URG.

Window (16 bits): Window advertisement to specify the number of octets that the
sender of this TCP segment is willing to accept. The purpose of this field is for flow
control.
TCP Header
Checksum (16 bits): The checksum is calculated using part of IP header, TCP
header and TCP data.

Urgent Pointer (16 bits): If the URG code bit is set, the first part of the data
contains urgent data (do not consume sequence numbers). The urgent pointer
specifies where the urgent data ends and the normal TCP data starts. Urgent data
is for priority purposes as they do not wait in line in the receive buffer, and will be
delivered to the applications immediately.

Options (0-320 bits, divisible by 32): TCP segments can carry a variable length of
options which provide a way to deal with the limitations of the original header.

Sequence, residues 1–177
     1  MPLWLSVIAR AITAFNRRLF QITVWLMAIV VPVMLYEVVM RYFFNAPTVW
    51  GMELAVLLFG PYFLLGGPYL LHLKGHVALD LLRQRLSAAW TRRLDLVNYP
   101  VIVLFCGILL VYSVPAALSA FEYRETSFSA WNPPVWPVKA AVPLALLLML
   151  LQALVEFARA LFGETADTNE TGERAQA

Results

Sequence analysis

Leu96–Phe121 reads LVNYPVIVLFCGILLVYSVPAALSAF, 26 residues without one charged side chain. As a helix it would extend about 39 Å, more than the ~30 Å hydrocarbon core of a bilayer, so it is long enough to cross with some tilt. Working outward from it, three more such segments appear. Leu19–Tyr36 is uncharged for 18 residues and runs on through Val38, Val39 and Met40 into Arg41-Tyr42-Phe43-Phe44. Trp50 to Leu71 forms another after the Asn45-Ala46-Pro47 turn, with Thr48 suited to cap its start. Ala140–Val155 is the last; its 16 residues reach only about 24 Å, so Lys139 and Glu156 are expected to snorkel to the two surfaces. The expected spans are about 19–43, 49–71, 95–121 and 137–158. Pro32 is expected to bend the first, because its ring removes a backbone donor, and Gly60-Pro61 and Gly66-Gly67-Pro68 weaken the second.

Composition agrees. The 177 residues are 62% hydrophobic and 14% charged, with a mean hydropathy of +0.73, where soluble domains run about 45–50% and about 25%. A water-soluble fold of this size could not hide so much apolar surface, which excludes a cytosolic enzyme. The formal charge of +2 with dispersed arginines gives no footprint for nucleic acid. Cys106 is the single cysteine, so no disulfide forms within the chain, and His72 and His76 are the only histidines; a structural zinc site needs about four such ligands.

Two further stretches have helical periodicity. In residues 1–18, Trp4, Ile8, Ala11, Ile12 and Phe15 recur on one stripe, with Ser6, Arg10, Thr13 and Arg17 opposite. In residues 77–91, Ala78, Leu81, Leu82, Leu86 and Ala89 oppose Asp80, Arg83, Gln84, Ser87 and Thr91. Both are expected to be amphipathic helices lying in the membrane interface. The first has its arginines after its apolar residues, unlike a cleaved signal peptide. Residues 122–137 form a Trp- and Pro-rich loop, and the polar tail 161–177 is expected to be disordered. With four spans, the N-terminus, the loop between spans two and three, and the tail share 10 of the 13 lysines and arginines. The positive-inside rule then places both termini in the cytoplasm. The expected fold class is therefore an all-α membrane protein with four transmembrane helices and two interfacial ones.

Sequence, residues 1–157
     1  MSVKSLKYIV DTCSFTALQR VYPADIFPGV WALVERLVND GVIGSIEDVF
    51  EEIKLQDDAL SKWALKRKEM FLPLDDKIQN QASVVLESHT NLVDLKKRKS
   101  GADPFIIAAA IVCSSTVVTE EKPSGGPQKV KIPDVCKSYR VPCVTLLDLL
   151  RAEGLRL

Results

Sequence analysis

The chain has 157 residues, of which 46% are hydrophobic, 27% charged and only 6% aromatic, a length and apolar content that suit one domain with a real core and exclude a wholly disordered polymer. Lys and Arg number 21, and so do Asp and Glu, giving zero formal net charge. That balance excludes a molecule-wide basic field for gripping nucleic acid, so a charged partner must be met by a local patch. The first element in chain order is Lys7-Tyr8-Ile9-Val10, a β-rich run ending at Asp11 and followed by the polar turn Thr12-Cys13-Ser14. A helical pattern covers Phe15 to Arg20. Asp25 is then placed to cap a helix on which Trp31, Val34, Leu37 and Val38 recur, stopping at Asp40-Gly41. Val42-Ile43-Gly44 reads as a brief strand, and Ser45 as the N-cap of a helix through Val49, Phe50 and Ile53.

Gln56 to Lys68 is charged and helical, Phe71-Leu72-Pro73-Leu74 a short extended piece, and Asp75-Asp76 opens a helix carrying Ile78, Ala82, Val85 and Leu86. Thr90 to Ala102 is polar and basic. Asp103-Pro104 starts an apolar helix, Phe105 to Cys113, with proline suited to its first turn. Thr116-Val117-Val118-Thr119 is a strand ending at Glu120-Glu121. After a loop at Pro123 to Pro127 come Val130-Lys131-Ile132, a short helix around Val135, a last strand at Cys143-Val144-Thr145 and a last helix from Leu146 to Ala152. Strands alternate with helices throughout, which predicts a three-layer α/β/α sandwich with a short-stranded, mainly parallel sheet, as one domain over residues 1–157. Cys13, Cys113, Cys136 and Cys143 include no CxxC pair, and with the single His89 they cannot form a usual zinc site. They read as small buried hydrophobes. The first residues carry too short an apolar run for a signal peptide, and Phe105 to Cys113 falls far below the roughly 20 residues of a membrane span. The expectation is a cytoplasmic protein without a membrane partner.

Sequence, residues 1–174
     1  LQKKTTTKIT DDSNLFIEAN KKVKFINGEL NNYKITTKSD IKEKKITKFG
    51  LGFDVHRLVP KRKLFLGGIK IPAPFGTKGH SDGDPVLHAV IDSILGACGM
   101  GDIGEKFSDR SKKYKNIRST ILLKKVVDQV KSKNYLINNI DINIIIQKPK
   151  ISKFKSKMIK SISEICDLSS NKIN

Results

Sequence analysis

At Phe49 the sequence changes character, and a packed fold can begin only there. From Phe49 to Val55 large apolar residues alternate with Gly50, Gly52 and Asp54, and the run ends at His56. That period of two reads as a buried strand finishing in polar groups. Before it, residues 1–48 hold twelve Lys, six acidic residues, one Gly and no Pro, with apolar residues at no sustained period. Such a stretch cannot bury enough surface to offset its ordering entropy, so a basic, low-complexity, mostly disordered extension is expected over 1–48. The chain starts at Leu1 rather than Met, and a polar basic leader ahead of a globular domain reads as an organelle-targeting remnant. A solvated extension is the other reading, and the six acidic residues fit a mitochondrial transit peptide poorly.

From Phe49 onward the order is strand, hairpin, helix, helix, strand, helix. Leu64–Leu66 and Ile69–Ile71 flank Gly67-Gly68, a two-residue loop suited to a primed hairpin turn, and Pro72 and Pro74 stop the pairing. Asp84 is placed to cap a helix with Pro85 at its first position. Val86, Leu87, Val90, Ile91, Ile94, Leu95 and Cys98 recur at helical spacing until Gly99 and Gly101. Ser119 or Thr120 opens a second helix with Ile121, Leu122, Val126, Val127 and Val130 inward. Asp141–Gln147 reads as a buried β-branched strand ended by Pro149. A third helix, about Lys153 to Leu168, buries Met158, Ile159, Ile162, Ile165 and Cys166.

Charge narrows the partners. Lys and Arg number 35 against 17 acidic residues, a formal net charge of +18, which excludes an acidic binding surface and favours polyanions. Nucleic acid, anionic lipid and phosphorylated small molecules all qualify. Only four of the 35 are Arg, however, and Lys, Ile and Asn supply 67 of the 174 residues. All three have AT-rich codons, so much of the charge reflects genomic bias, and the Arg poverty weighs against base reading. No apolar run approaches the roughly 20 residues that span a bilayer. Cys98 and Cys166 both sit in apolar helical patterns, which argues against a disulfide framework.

TCP 3-way Handshake Protocol
SYN Packet:
• The client sends a special packet called SYN
packet to the server using a randomly generated
number x as its sequence number.

SYN-ACK Packet:
• On receiving it, the server sends a reply packet
using its own randomly generated number y as
its sequence number.

ACK Packet
• Client sends out ACK packet to conclude the
handshake
TCP 3-way Handshake Protocol
● When the server receives the initial SYN packet, it uses TCB (Transmission
Control Block) to store the information about the connection.
● This is called half-open connection as only client-server connection is
confirmed.
● The server stores the TCB in a queue that is only for the half-open
connection.
● After the server gets ACK packet, it will take this TCB out of the queue and
store in a different place.
● If ACK doesn’t arrive, the server will resend SYN+ACK packet. The TCB will
eventually be discarded after a certain time period.
SYN Flooding Attack
Idea : To fill the queue storing the half-open
connections so that there will be no space to store
TCB for any new half-open connection, basically
the server cannot accept any new SYN packets.

Steps to achieve this : Continuously send a lot


of SYN packets to the server. This consumes the